My Thoughts

Why Listen?

Are you listening?

How do you rate yourself as a listener? Is it important? Is your listening muscle atrophied because you’ve never exercised it? Have you ever even thought about the importance of listening before? Is it a learned skill?

About fifteen years ago, I realized a key to relationships—listening. Whenever I was with friends, we would exchange the normal niceties, and I began experimenting. I hesitated after asking them how they were and heard their rote response of “Fine.” What I found out: if given time, space and interest, they shared extensively about what was important to them. I felt like I had uncovered an important fact: people like to talk about themselves, and it’s better to listen than list your life’s joys and woes. I experimented with this concept for several years, and it worked. I knew more about key areas of interests of my friends, and I felt closer to them. They appreciated my interest in them and their lives. I saw a depth in relationships I had never seen before this practice.

After I had this realization, I did a major career change: I moved out of the middle school classroom and became an Instructional Coach. Now my focus would be to support teachers in their classrooms. It felt big and overwhelming, but my interest in listening prepared me for this support role.

At the first gathering of new Instructional Coaches, I made the conscious choice to hang back and listen—not fill the air with my talking. Again, this focus on listening paid off—I watched the dynamics of the group, and immediately I saw I needed to listen to the experienced Coaches and learn from them.

I received amazing training as an Instructional Coach called “Cognitive Coaching” which focused a large part on open listening to someone. I learned the importance of my stance, posture, position of my arms and eye contact and how these affected how people communicated with me—basically active listening.

In our training, we had ample practice time, and repeatedly, I saw these techniques pay off in the exchange with someone. It confirmed what I had been experimenting with for years—the importance of listening, but I added to my repertoire tools that have assisted me over and over again.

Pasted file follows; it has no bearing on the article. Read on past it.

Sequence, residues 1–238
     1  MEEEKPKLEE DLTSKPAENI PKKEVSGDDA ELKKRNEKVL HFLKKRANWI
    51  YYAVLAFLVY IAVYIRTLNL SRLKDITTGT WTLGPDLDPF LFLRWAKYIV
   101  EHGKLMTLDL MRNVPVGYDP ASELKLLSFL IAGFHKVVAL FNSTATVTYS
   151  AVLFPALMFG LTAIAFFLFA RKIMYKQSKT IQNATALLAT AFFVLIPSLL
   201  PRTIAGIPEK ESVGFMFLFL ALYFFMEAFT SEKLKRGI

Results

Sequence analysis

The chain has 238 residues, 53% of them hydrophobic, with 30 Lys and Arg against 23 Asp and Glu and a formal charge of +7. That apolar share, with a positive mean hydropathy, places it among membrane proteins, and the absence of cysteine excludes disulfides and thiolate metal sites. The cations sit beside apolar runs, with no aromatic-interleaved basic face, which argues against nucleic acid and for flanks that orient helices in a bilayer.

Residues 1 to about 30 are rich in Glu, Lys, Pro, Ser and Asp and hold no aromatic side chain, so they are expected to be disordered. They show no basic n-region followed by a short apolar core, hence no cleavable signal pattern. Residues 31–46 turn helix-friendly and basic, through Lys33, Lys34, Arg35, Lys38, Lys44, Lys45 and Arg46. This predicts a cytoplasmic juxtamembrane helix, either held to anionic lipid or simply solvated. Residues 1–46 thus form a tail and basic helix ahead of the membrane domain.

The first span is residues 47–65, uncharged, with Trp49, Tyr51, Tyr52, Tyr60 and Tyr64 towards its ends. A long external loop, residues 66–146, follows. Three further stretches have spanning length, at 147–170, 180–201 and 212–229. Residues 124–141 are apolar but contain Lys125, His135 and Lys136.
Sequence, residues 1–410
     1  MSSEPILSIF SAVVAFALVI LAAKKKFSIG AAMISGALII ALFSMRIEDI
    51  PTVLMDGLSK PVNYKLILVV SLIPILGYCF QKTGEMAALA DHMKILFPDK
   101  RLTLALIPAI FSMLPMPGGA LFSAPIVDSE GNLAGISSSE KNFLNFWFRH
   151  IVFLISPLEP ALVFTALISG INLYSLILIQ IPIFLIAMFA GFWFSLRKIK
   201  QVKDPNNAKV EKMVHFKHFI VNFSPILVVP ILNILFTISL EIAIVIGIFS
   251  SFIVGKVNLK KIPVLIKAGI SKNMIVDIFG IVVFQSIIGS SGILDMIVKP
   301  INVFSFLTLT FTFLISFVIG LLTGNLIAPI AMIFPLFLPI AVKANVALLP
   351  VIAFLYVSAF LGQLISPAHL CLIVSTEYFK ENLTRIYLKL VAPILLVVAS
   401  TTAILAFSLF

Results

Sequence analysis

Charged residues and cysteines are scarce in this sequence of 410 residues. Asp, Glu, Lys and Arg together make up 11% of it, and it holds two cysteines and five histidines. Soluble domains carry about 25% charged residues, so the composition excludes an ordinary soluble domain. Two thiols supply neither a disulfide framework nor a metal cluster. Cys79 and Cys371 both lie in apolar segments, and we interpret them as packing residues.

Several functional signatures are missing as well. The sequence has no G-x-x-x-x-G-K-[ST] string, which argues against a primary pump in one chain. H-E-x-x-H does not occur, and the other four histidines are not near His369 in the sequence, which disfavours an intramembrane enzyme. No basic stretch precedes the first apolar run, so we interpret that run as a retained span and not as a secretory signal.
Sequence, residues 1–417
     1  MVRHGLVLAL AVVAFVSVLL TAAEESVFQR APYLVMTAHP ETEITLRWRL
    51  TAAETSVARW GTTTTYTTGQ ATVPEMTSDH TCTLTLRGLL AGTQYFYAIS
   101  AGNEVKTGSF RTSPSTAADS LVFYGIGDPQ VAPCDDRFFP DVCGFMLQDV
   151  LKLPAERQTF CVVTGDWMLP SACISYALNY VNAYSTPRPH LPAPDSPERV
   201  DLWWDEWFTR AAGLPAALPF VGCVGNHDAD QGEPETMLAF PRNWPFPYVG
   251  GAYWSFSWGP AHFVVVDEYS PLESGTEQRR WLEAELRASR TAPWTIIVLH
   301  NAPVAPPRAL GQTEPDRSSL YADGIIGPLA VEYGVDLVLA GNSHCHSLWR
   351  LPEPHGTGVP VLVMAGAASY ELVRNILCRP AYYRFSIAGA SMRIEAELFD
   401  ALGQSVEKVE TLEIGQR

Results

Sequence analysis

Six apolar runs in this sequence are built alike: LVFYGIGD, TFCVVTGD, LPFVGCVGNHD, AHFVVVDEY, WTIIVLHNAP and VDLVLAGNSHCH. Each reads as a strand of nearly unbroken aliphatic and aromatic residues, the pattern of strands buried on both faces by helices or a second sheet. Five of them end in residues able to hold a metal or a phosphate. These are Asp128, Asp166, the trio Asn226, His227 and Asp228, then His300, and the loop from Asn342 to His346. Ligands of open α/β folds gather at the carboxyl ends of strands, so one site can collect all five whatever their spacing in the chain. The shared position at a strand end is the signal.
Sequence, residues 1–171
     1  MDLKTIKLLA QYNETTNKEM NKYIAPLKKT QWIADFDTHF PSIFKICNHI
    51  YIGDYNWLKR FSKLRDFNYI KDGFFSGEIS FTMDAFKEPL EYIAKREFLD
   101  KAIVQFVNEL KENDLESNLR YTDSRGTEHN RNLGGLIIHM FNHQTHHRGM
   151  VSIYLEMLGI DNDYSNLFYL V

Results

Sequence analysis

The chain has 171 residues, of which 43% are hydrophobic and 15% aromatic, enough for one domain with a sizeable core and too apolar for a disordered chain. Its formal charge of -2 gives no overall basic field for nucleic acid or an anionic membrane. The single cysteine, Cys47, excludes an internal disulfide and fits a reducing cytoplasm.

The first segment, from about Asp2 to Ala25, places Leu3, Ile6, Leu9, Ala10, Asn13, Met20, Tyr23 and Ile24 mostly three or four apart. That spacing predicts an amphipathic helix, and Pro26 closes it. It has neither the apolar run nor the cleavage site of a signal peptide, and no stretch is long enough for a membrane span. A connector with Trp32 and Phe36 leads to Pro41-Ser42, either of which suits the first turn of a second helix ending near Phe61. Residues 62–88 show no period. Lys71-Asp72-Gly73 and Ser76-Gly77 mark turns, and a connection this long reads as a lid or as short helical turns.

This focus on listening was different posturing for me—my dad identified me as his “Talking Daughter.” I had talked my way through most of my life. His favorite story about me talking happened on our family trip to California when I was ten. This was in the early 60’s—pre-air conditioning in cars. We arrived in Phoenix, Arizona in June in the extreme heat and wondered how we would make it through the desert ahead of us in this horrible heat.

The desert landscape!

Dad decided to wake us up early the next day and go through the desert in the cool of the night–yeah, right—driving through Gila Bend in June. My mom, brother and sister quickly fell back asleep, but I was wide-eyed and excited about California looming in the distance. I sat between Mom and Dad up front, straining to see the desert as it passed by. Dad said I talked non-stop, and I can still remember seeing the desert etched in the darkness and then the early morning light. I had never seen saguaro cactus before and their silhouettes stood ominous in the dawn. He often said my talking kept him awake and alert, so it was a Godsend.

That became a favorite memory of Dad’s, and I loved his retelling of it and his nickname for me, so I continued most of my life talking your leg off!

As I matured and realized the power of listening, I consciously gave up the “Talking Daughter” stance and moved to become an active listener.

Another place I’ve learned about listening is in twelve step meetings. For an hour, we listen to other’s share their life stories. If we get the opportunity to talk, it’s usually between two – five minutes, so the majority of my responsibilities at a meeting lay in my ability to listen and take in what someone else is sharing and feeling and relate to their pain and growth.

Often, I’ve heard, “God gave us two ears and one mouth, so we should listen twice as much as we talk.” As a result of these meetings, I’ve realized the importance of listening and paying attention to what people say.

Today we are bombarded with information overload and outrageous visual stimulus. Often, I see a family sitting around a table in a restaurant with eyes glued to the screen of whatever electronic gadget they have. Not only are they not talking—no one is listening!

My Dad on His Favorite Horse, Rusty!

As I look back over my life, I realize I received listening training early, but never thought about it before. Often our after-dinner activity centered on storytelling.  With a cigarette and a cup of coffee in hand, Dad entertained us with stories of his childhood, driving a herd of horses to Cimarron, New Mexico with Mose Russell and other delightful tales that mesmerized me. My only job then: sit in awe and listen to his stories and soak up a history that I love to recount today.

So, what do you think? Is listening an important skill? What are your listening skills like? Do you ever think about the power of listening? Or are you rehearsing your response to someone in your mind and lending half an ear to what people are saying? Let’s talk about listening!

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